Intro to mobile device management profiles
iOS, iPadOS, macOS, tvOS, and watchOS have a built-in framework that supports mobile device management (MDM). MDM lets you securely and wirelessly configure devices by sending profiles and commands to the device, whether they’re owned by the user or your organization. MDM capabilities include updating software and device settings, monitoring compliance with organizational policies, and remotely wiping or locking devices. Users can enroll their own devices in MDM, and organization-owned devices can be enrolled in MDM automatically using Apple School Manager or Apple Business Manager. If you’re using Apple Business Essentials, you can also use the device management that’s built right in.
There are a few concepts to understand if you’re going to use MDM, so read the following sections to understand how MDM uses enrollment and configuration profiles, supervision, and payloads.
How devices enroll
Enrollment in MDM involves enrolling client certificate identities using protocols such as Automated Certificate Management Environment (ACME), or Simple Certificate Enrollment Protocol (SCEP). Devices use these protocols to create unique identity certificates for authenticating an organization’s services.
Unless enrollment is automated, users decide whether to enroll in MDM, and they can disassociate their devices from MDM at any time. Therefore, you want to consider incentives for users to remain managed. For example, you can require MDM enrollment for Wi-Fi network access by using MDM to automatically provide the wireless credentials. When a user leaves MDM, their device attempts to notify the MDM solution that it can no longer be managed.
For devices your organization owns, you can use Apple School Manager, Apple Business Manager, or Apple Business Essentials to automatically enroll them in MDM and supervise them wirelessly during initial setup; this enrollment process is known as Automated Device Enrollment.
MDM and Stolen Device Protection
When Stolen Device Protection is turned on, the user receives an error when trying to:
Manually enroll their device in MDM
Configure a Microsoft Exchange account
Install a passcode or Microsoft Exchange profile
Install a declarative configuration
To perform any of those actions, the user can temporarily turn off Stolen Device Protection. If the device is already enrolled in MDM, they can turn on Stolen Device Protection and MDM operates as usual.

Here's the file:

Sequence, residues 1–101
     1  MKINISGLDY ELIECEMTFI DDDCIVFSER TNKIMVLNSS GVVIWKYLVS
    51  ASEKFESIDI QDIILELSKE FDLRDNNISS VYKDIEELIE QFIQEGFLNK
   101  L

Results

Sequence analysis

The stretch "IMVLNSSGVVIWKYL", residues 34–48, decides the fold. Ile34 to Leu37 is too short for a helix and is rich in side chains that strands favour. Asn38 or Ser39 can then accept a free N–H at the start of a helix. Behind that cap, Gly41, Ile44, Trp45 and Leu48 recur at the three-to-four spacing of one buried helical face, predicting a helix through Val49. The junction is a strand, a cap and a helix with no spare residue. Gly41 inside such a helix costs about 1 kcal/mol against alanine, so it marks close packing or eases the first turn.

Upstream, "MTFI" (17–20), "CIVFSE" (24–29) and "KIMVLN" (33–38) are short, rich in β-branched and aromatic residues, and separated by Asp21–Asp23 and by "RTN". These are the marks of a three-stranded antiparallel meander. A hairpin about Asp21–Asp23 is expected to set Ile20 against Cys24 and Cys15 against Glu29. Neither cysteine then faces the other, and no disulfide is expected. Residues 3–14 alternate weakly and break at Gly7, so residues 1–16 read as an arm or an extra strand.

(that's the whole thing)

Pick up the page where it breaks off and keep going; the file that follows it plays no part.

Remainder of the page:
Important: The ability to complete these actions may be delayed by an hour if the user is in an unfamiliar location.
An enrollment profile is one of two main ways users can enroll a personal device into an MDM solution (the other way is to use User Enrollment). With this profile, which contains an MDM payload, the MDM solution sends commands and—if necessary—additional configuration profiles to the device. It can also query the device for information, such as its Activation Lock status, battery level, and name.
When a user removes an enrollment profile, all configuration profiles, their settings, and Managed Apps based on that enrollment profile are removed with it. There can be only one enrollment profile on a device at a time.
After the enrollment profile is approved, either by the device or the user, configuration profiles containing payloads are delivered to the device. You can then wirelessly distribute, manage, and configure apps and books purchased through Apple School Manager, Apple Business Manager, or Apple Business Essentials. Users can install apps, or apps can be installed automatically, depending on the type of app it is, how it’s assigned, and whether the device is supervised. For more information, see About Apple device supervision.
A configuration profile is an XML file (ending in .mobileconfig) consisting of payloads that load settings and authorization information onto Apple devices. Configuration profiles automate the configuration of settings, accounts, restrictions, and credentials. These files can be created by an MDM solution or Apple Configurator, or they can be created manually.
Because configuration profiles can be encrypted and signed, you can restrict their use to a specific Apple device and—with the exception of user names and passwords—prevent anyone from changing the settings. You can also mark a configuration profile as being locked to the device.
If your MDM solution supports it, you can distribute configuration profiles as a mail attachment, through a link on your own webpage, or through the MDM solution’s built-in user portal. When users open the mail attachment or download the configuration profile using a web browser, they’re prompted to begin configuration profile installation.